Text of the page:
B-Movie Actors and Movies: Where do We Draw the Line?
Defining a B movie is not necessarily easy to do. Generally, a B movie is considered a low-budget production. There have been certain movie studios that were associated with the production of B movies, Monogram and Republic Pictures among them. B movies might be training platforms for directors who subsequently moved to more well-known works (Edward Dmytryk) or actors who moved on (John Wayne, Humphrey Bogart). The term associated with more modern-day B movies is direct-to-video, which is an indication a film is not good enough for theatrical release. Direct-to-video has, in some ways, replaced films that were shown only at drive-in theaters in an earlier era.
Bruce Campbell ("The Adventures of Brisco County Jr.," and "Evil Dead") wrote "If Chins Could Kill: Confessions of a B Actor." There is a site titled "bmovies," where one can get their fill of B movies (interestingly "Hillbilly Elergy" is listed along with "Sky Sharks"). One Internet site lists "The 100 1 Best ‘B Movies’ of All Time." Another site lists "1000 Cult B-Horror Movies." Where is the line between B actors, actresses, and movies and whatever is not in that category? "Plan 9 from Outer Space," "Attack of the Killer Tomatoes," or "Poultrygeist: Night of the Chicken Dead," might be easily considered as B movies and never in contention for an academy award, but how do we categorize these movies and who acts in them?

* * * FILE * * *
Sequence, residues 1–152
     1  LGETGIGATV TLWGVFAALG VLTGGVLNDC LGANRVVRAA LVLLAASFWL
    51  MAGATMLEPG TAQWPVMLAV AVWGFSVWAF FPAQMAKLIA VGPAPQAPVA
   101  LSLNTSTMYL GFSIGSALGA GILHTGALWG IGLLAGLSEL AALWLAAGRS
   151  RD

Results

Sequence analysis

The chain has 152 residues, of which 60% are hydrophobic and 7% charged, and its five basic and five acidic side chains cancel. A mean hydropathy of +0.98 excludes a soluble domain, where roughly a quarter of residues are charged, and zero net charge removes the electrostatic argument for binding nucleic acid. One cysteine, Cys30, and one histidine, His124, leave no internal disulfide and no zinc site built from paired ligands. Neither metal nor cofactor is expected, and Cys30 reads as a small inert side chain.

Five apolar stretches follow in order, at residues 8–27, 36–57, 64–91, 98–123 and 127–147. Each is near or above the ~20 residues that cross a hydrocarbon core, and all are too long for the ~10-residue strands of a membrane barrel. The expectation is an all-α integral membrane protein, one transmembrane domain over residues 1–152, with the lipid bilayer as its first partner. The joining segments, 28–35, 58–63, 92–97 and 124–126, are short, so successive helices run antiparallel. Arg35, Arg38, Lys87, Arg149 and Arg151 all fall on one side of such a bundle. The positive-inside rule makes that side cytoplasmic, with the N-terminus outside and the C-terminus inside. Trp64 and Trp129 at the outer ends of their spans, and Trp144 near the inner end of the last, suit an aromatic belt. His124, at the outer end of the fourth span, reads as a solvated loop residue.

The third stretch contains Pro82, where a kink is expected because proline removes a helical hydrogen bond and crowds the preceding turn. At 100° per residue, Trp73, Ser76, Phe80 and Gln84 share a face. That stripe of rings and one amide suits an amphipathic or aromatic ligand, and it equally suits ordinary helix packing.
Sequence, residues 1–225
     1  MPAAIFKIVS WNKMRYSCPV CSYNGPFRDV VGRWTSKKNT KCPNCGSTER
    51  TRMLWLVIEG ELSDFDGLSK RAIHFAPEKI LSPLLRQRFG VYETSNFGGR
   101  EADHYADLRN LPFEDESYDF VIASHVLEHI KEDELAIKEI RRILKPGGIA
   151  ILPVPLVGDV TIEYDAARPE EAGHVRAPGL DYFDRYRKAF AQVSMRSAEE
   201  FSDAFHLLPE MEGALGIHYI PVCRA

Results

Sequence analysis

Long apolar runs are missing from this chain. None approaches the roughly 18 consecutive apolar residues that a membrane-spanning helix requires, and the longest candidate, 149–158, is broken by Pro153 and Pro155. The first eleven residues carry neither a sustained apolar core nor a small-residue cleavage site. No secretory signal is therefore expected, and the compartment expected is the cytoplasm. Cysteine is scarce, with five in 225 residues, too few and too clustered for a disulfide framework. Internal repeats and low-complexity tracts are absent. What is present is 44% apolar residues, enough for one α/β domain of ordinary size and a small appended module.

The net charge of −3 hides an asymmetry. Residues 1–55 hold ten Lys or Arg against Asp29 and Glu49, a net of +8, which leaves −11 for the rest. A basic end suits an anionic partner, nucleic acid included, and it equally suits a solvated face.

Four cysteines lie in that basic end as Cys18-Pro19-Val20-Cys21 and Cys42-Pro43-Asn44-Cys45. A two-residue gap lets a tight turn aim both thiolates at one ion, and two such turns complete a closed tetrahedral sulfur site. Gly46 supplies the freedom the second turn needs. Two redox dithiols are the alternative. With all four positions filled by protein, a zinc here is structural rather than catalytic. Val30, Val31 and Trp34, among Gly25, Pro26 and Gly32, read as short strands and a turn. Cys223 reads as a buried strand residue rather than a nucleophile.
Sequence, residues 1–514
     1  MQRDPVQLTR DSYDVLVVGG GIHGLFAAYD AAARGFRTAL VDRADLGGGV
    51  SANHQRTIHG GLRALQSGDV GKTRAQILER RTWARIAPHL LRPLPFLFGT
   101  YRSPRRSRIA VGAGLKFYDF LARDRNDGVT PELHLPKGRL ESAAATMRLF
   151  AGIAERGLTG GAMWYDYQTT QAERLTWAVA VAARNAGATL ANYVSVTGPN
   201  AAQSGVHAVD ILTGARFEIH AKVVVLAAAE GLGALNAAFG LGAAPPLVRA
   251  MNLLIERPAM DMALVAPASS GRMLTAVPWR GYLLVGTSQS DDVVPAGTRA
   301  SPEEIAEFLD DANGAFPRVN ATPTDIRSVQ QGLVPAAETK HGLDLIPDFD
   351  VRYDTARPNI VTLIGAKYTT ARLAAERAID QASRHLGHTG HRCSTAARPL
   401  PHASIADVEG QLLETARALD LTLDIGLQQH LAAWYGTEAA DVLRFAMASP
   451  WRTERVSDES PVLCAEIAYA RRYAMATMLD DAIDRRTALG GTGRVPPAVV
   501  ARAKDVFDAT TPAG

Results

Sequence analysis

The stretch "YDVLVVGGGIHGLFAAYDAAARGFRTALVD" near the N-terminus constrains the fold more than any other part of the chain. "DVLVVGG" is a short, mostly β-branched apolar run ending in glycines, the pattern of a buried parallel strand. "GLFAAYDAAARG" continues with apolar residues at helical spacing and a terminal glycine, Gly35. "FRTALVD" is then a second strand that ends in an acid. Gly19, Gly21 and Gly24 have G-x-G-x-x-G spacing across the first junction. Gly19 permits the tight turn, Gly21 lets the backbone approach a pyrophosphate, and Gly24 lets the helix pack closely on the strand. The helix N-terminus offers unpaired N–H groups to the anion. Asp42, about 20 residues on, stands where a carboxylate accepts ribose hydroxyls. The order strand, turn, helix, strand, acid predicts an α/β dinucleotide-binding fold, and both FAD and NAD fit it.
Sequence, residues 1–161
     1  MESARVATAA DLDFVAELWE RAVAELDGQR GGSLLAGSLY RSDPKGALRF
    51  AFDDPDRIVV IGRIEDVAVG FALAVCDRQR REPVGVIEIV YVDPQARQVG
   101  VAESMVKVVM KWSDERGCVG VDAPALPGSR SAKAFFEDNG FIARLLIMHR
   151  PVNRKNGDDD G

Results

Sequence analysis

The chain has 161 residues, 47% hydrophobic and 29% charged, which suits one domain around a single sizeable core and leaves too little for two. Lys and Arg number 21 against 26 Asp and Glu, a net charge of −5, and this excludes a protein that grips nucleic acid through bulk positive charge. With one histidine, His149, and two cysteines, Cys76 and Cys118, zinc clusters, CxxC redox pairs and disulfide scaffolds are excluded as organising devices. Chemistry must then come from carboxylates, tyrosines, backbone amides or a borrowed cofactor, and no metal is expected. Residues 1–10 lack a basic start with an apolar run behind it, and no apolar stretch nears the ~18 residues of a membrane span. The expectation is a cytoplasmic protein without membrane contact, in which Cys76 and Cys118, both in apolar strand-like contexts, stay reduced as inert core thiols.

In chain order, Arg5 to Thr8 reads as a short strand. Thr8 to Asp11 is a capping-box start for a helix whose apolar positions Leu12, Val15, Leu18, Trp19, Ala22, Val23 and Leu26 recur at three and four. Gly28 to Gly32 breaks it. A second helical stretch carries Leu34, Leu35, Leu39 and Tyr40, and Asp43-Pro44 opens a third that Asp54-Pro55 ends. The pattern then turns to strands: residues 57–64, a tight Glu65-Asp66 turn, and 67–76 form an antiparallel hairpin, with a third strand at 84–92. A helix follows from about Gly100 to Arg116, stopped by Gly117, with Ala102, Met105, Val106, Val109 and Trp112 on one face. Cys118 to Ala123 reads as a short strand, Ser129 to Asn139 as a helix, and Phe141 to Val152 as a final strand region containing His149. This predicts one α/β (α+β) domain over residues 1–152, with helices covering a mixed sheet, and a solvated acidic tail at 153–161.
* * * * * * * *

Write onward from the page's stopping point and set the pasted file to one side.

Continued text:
Someone agreeing to write on this topic should address: 1) What characteristics distinguish B movies (and those acting in them) from whatever is on the other side; 2) What changes have taken place in B movies since there are movies as far back as the 1930s, and even earlier, that can be categorized as B movies, and 3) How might B movies be understood regarding their impact on both Hollywood and American culture.